Archive for the 'Bowhunting' Category

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Published by sarah on 22 Dec 2009

My very first hunting trip in the pouring snow

The weather man is calling for a twenty four inch snow storm here in Roanoke county Virginia.   more snow than we will have gotten in fifteen years, also setting records for the month of December!  Anyways, i decide it will be fun to hunt in the snow and i should get to my tree stand before it starts snowing heavily.  As soon as i start walking into the edge of the woods i can barely see through the sno

windburn :(

 
windburn 🙁

w. i don’t turn back.  By the time i get to my stand already an inch and a half of snow has fallen and the steps are slippery climbing up.  im sweating and i should have lived in that last moment of warmth.  finally hooked in my stand i start to feel the snow flakes and wind on my cheeks.  windburn was in my future. my big fluffy NON-waterproof coat was starting to turn white and so was the rest of my clothing. i had to stand up to get some of it off before it all soaked in.  this turned into a routine.  an hour has passed and I’m colder than I’ve ever been in my life, and it feels like the temperatures dropping.  it hurts to look to my left; the wind and snow are hitting me harder than ever.  the next two hours were miserable.  i hadn’t seen a a squirrle  much less a deer and i was about to die so i lower my bow down and descend down the slippery steps once again.  up the hill i fell more times than i can count and next time i WILL dress warmer!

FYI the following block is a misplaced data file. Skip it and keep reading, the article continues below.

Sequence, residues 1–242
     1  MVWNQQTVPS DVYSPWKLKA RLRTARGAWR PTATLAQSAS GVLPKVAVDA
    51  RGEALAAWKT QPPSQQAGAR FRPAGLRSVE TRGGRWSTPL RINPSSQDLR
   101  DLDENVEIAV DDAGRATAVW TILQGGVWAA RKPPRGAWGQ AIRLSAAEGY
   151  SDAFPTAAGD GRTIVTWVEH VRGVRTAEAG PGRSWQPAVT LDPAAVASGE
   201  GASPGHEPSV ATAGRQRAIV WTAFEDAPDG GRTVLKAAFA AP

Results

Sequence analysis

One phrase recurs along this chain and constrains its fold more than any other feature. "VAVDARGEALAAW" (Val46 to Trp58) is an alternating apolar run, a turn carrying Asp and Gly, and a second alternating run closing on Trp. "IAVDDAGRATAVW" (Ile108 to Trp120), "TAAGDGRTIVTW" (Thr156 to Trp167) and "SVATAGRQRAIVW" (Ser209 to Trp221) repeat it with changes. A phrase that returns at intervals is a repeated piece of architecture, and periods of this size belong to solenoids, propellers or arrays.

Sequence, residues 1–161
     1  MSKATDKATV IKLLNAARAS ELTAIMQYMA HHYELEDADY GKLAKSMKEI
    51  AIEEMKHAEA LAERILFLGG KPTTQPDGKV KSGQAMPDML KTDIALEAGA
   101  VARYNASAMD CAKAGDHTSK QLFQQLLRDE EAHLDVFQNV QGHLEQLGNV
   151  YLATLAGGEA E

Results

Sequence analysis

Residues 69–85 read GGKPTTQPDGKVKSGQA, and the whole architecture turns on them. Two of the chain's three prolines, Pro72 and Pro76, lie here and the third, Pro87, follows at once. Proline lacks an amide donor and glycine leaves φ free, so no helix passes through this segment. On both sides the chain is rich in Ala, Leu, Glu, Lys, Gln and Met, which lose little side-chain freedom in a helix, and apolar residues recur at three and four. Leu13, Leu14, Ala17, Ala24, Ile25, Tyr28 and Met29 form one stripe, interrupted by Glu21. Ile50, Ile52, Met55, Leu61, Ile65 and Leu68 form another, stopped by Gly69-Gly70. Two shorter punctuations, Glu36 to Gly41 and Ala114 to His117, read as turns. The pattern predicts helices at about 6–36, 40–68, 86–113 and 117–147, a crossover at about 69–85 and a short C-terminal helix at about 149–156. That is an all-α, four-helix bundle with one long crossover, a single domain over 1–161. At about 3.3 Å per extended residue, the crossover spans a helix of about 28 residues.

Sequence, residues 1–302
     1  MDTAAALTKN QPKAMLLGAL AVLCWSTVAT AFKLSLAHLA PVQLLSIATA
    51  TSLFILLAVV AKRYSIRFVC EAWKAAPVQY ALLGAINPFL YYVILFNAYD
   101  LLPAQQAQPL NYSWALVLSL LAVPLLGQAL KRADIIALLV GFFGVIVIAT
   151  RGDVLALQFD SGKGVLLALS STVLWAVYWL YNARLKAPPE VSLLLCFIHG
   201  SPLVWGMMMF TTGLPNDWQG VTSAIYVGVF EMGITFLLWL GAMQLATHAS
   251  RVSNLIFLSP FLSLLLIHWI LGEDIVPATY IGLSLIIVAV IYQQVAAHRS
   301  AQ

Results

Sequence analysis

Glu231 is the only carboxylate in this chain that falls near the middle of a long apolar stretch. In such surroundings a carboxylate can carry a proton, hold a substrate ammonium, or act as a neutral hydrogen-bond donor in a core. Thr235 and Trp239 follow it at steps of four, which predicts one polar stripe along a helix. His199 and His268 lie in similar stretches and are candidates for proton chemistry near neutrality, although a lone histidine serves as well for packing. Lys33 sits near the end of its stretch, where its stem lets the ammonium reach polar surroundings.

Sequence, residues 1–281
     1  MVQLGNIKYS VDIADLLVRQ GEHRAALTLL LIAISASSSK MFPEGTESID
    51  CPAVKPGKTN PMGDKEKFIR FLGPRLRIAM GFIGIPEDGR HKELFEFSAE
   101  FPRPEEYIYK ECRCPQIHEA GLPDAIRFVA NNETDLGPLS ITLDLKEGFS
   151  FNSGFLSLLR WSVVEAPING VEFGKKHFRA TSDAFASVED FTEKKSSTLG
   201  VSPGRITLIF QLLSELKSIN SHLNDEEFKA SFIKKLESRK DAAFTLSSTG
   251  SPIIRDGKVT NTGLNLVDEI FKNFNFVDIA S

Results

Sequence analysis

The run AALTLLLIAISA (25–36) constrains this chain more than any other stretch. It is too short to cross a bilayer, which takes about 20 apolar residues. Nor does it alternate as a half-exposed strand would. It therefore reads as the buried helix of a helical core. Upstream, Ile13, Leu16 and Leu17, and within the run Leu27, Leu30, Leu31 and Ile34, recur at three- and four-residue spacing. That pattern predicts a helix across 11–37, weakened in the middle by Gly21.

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Published by admin on 08 Dec 2009

Deer Hunting With A Pioneer Tips From An Old-Timer

Deer Hunting With A Pioneer
Improve Your Bowhunting With These
Tips From An Old-Timer.

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http://www.bowandarrowhunting.com/

 Years ago, I became acquainted with one of bowhunting’s legendary, but retiring and thus little-known, pioneers.  His name was Jim Ramsey and he lived above the Bonito Valley in Lincoln, New Mexico.

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 Ramsey had grown up among the Apache Indians and had learned from them the art of making archery tackle and using it for hunting,  Especially, he perfected their process of flaking obsidian for arrow ans spear points and became the finest practitioner of the art I have ever known.  It was from him that I obtained the supply of large chipped obsidian lance points that have since been used as the centerpiece of the Pope & Young Club’s “Ishi Award;”  their highest honor.